Wavelength converters 332, 334 are supplied in the
Each of the time division multiplexed outputs of the switching device 200 are supplied to inputs of the wave division multiplexer 336 which multiplexes the signals corresponding to the two wavelengths, λ1 and λ2, for transmission over the single output line 316 of the WDM/OTDM switching device 300.
The switch 300 may include various filters (not shown) for choosing a desired signal and suppressing noise, routing logic for directing the received data (not shown), fiber amplifier for increasing light intensity (not shown), dispersion and polarization controllers to improve signal quality (not shown), and a CPU (not shown) for executing and/or controlling various operations of the present invention such as implementing and synchronizing variable time delays.
Depending on the number of different wavelength channels used by a network, the switch 300 can be scaled to accommodate more wavelength channels by adding additional sets of circuitry used to process a WDM channel including, e.g., a demux 304, variable time delay unit 310, mux 306 and frequency conversion device 332. In cases where some WDM channels do not support TDM, such processing elements, at least for some of the inputs, can be avoided leading to a simplified design.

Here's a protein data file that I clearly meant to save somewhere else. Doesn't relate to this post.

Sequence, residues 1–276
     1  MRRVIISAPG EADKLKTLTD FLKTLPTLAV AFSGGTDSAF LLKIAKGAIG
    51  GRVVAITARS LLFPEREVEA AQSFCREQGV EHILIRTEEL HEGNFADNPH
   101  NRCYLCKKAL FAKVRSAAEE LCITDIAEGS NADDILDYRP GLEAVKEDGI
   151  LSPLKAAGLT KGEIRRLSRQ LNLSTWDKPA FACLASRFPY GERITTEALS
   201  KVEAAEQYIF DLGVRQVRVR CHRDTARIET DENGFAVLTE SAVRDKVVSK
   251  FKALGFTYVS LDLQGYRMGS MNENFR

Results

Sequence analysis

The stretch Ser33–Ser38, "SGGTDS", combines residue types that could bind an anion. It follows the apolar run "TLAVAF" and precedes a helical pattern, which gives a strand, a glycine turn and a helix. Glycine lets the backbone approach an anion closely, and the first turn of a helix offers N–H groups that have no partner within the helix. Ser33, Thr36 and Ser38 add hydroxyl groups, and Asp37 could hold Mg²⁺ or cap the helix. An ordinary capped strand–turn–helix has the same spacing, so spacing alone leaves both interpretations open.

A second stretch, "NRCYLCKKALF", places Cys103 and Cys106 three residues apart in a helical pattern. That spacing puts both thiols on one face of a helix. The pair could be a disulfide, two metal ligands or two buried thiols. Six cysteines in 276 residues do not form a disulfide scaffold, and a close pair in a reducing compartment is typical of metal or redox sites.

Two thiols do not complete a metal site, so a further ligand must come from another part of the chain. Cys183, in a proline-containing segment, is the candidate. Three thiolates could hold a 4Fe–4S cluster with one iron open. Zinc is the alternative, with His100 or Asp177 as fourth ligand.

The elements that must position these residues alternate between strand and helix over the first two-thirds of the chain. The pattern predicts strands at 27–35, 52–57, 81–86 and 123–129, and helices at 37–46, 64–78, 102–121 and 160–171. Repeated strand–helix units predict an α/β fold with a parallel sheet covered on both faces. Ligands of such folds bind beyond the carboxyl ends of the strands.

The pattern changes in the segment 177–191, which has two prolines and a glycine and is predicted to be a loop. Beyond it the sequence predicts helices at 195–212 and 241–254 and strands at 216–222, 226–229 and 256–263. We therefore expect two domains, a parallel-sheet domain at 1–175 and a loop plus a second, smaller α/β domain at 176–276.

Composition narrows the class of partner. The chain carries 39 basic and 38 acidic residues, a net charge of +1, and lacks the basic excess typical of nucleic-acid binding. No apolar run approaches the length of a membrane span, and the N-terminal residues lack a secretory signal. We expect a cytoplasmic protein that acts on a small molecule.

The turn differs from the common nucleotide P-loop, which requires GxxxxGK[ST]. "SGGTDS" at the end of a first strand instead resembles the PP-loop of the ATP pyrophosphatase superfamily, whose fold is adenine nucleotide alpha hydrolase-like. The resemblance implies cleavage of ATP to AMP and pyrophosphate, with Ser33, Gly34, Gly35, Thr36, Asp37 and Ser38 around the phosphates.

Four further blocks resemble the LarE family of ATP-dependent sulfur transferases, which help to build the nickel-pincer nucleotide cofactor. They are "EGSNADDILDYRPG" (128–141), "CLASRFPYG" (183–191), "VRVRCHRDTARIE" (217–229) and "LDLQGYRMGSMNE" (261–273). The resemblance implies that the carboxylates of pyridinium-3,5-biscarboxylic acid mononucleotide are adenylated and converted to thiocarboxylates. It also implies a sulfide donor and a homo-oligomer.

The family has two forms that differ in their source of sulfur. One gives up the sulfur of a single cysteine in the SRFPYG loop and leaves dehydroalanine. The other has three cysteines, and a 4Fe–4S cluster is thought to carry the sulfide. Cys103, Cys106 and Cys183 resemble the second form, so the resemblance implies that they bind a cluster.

The switching device 300 can be easily modified as shown in
Thus, using a switching device 300′ of the present invention, basic operations such as channel switching, adding and dropping can be performed in the optical domain on WDM and/or TDM optical signals without the need for O-E-O conversions. The switches 300 and 300′ of the present invention are well suited for use as node in a optical communications system, e.g., a system using a mesh network of nodes to communicate data.
Rather than use two 160 Gbit/s TDM input streams (λ1 and λ2) from the beginning the experimental setup was simplified by using multiple 40 Gbit/s signals and optical couplers 408, 410 at the input of the optical cross connect switch 416 to simulate the results of time slot demultiplexing a 160 Gbits/s signal into 4 40 Gbits/s signals.